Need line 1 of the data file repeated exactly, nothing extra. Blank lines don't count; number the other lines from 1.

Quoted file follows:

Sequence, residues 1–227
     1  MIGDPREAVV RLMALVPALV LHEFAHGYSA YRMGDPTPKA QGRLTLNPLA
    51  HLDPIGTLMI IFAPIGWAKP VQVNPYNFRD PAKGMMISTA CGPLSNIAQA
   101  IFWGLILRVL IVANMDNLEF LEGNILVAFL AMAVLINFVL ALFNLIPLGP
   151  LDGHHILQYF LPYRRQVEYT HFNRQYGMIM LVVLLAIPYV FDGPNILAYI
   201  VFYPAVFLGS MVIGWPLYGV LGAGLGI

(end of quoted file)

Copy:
Sequence, residues 1–227